A Minute With: Salman Khan

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He’s cracked the hit formula while the rest of Bollywood is still searching for it. ‘Dabangg’ shattered box office records, made it cool to hook your sunglasses at the back of your collar and established Salman Khan as the undisputed hero of the masses – the screaming, single-screen, small town masses who form the largest share of the film audience in India. Khan, 45, is back with his next film, ‘Ready,’ a remake of a Telugu film and what he calls a mix of his earlier hits ‘No Entry’ and ‘Hum Aapke Hain Kaun.’ He spoke to us about the film, how he has become more committed to delivering what his audience wants, and why he won’t do a niche film.
Q: Your next film ‘Ready’ is also a remake of a southern film, as was ‘Dabangg.’ What is it about these films that work for you?
A: “It’s a coincidence that the last two films have been remakes. Earlier they used to copy our films. Some of my dad’s films have been remade in the south. Also, when you remake Hollywood films, the whole world has seen them. But these films have not been seen, except for people in the states where they’ve been released. They haven’t let heroism go. Suddenly, we’ve got into rom-coms and love stories and niche films. We started missing heroes. I started missing heroes big time and I’m in the business so I can afford to correct that. ‘Dabangg’ was made for the masses and we were discouraged. We were told cop movie was outdated, it was a new girl, a new director, the overseas audience would never accept it. But we just kept making the film.”
Q: Do you see yourself fitting into any of the niche films that Bollywood is making?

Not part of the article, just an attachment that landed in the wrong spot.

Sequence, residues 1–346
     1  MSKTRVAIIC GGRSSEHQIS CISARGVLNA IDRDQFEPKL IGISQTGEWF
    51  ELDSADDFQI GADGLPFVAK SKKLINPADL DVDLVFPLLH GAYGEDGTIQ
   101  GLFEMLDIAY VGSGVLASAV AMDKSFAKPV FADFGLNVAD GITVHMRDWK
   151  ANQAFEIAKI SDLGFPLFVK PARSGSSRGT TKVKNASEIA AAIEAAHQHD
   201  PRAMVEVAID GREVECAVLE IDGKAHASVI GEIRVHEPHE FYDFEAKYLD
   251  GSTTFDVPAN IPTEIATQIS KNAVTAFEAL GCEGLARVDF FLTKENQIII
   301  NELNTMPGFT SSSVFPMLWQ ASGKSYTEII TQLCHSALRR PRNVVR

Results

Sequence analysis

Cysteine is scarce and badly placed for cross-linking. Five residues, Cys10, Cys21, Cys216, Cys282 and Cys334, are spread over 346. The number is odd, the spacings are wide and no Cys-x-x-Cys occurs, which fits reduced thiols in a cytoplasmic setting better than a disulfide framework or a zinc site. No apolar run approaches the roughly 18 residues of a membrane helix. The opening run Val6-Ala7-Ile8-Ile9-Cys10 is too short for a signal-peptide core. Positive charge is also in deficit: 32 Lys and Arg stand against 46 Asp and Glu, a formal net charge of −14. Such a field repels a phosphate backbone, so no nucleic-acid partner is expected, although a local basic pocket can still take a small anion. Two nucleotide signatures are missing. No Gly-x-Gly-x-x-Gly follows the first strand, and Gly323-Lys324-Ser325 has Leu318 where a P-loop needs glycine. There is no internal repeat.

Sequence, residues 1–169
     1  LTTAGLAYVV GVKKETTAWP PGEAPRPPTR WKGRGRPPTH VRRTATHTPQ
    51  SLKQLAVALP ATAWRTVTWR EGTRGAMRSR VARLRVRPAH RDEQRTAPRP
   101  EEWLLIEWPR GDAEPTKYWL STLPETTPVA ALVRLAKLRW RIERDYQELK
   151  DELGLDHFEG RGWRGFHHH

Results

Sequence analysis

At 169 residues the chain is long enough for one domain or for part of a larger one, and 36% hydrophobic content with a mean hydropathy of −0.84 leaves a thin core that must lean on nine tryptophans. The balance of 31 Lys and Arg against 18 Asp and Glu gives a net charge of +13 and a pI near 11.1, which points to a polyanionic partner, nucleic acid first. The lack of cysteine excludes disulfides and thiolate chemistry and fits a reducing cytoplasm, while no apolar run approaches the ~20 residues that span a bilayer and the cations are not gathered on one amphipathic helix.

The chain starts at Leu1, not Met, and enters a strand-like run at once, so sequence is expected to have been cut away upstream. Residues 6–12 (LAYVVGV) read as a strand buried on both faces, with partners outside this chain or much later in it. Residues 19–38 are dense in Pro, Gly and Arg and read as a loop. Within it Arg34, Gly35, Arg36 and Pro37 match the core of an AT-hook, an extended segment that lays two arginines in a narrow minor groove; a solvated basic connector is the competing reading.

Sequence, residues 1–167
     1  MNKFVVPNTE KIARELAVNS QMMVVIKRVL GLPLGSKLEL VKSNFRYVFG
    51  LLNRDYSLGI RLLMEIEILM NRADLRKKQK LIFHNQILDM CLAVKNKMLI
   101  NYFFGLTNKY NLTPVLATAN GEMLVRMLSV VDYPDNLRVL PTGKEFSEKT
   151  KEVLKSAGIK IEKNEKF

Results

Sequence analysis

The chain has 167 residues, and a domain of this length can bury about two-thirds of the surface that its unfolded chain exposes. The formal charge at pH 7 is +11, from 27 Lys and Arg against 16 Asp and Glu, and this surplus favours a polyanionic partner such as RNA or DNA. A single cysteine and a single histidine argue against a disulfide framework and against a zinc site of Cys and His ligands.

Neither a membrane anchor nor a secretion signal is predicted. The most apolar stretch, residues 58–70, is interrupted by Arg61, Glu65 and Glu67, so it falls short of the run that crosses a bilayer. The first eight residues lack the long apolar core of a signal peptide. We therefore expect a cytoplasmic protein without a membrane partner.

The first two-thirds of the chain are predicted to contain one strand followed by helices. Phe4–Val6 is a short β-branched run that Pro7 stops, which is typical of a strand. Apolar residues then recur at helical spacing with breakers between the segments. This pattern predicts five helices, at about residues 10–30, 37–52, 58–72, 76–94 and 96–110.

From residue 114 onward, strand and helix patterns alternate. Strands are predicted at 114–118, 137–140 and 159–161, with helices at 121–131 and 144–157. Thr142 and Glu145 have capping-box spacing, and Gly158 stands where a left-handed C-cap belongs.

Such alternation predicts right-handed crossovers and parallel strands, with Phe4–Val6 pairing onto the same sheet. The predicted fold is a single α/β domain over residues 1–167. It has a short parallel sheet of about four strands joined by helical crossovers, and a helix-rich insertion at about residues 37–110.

A: (Folds hands and shakes head) “I don’t think anyone is doing that anymore. They’ve come down from Amsterdam to Andheri. It’s not about formula, because if I knew the formula, I would also mess it up. You tend to get carried away and start thinking that the image on the screen is your image. This is the time you have to be very careful.”
Q: Your film was a huge hit in a year when one could barely count the number of films that made money. Have you cracked the formula?
A: “There’s nothing that I am doing right. There was also a time when everybody’s films were working and my films were bombing left right and centre. But I didn’t panic at that point because I knew that those films were going to bomb. There were times when I liked the script but couldn’t put my foot down on the edit or certain scenes, or the way I work – some films I just had to do. But today, I’ve realised one thing, that from the guy who pays 10 rupees to see my film to the guy who pays 500 rupees, I have a responsibility to them. The guy who spends 10 rupees should get 100 rupees back in terms of entertainment.”
Q: You come across as being much more involved in your films than before. You’re thinking about songs and marketing and aspects besides just acting.
A: “I’ve always been like that. But when you get kicked, you go two steps forward.”
Q: You are involved in a lot of charity work with your organisation ‘Being Human.’ Do you tie it up with your film promotions?
A: “No, it doesn’t have anything to do with promoting my films. But if you have time, let’s not just give fake smiles and come away. You are meeting special children, cancer patients and you smile at them, but what after that? Rather than using such things for publicity and PR exercises, let the money go into something worthwhile.”